>> Monday, February 25, 2013
So who knew? Apparently you can't read a font unless you can write it, too. So there's some kind of movement afoot to teach elementary school students cursive handwriting lest they--I'm not making this up--lest they lose the ability to read letters from their grandparents or the ability to read the Declaration Of Independence in its original scribble. So there oughta be a law.
When I saw the piece in The Charlotte Observer, I was amused. Ah, yes, it figures this is the kind of thing our new legislative overlords would be upset about. It just struck me as more obnoxious silliness from a governing body that perhaps could be more worried about the state's obscene unemployment rate, let's say.
But then I ran into a piece at The Junto and it links to an article at The Wall Street Journal. And now I'm saying, "Wait--no... seriously? This is a thing? What the--" Yes, apparently it's a thing. A big honkin' national thing. What I'd been prepared to write off (no pun intended) as yet another example of regional stupidity was, in point of fact, a national craze.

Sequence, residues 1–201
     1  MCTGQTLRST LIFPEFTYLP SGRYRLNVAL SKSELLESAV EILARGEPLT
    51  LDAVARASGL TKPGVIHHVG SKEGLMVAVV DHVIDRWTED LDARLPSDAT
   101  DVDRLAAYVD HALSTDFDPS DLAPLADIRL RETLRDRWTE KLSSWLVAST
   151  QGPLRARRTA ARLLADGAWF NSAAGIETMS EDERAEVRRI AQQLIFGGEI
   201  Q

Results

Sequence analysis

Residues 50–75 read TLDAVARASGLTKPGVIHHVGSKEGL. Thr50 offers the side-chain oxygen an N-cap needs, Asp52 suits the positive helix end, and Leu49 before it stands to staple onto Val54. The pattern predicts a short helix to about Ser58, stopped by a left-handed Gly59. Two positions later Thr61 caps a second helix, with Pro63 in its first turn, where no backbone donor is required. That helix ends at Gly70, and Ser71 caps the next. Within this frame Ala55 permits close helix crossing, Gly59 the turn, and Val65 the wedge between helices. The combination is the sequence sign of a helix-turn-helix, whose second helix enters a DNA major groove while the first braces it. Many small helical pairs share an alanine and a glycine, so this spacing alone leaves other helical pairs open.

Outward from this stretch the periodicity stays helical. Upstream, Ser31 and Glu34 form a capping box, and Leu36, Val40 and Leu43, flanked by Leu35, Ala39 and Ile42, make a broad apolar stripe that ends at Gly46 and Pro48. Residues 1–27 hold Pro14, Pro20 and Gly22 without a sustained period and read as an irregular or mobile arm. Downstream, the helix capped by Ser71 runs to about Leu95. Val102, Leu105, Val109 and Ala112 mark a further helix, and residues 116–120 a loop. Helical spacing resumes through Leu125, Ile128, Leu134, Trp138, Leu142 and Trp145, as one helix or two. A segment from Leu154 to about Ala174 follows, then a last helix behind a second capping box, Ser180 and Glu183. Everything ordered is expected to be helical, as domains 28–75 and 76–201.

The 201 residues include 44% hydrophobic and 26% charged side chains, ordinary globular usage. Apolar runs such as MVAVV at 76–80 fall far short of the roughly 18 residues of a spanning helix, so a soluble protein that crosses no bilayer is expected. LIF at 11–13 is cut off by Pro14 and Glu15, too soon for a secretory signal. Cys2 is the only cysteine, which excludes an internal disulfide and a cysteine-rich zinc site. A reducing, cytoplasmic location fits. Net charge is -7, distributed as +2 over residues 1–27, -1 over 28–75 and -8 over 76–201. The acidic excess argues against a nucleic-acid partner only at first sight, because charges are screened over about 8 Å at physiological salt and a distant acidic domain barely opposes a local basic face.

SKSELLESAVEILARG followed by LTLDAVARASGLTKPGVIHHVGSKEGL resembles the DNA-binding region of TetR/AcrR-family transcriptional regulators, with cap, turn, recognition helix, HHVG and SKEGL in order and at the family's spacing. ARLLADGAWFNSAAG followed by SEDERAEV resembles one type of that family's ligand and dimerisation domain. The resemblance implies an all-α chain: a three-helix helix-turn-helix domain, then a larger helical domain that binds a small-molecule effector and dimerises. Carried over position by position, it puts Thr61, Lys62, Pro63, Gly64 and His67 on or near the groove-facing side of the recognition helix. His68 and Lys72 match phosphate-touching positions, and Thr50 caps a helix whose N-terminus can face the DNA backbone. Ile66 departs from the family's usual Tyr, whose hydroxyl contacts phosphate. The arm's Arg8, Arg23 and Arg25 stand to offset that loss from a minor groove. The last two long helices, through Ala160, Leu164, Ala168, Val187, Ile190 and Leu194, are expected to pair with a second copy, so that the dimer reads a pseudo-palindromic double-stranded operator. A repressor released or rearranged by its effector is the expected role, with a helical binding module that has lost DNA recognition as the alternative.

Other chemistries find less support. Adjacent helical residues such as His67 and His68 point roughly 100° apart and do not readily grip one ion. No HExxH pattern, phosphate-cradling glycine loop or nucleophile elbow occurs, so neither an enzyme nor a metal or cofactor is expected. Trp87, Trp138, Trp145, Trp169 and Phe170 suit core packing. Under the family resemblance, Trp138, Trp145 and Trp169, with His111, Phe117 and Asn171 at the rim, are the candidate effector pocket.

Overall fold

The Observer writes:
"Every child should know cursive," said state Rep. Pat Hurley, an Asheboro Republican and a primary sponsor of the bill. "Our children can’t write a simple sentence. They think printing their name is their signature."
Ah, well. You know, this reminds me of a lawyer I knew who signed his name in block letters, same way he wrote it. Gentleman served in Korea, I believe in the Marines, and while he was often a genial and genteel fellow, he still had the air of being someone you didn't want to screw around with. Which has me thinking Representative Hurley ought to look him up and tell him he's been signing his name wrong for nearly three-quarters of a century. Just give me a chance to get some popcorn, first.